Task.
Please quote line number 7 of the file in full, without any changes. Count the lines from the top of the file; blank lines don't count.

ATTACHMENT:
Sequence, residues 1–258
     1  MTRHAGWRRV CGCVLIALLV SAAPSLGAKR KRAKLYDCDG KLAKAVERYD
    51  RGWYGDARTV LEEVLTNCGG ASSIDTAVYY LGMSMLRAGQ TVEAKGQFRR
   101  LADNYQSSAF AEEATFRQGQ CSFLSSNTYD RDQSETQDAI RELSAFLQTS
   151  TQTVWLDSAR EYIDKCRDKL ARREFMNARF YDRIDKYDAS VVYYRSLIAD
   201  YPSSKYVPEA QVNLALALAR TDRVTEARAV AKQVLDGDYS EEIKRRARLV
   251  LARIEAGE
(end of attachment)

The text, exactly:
   251  LARIEAGE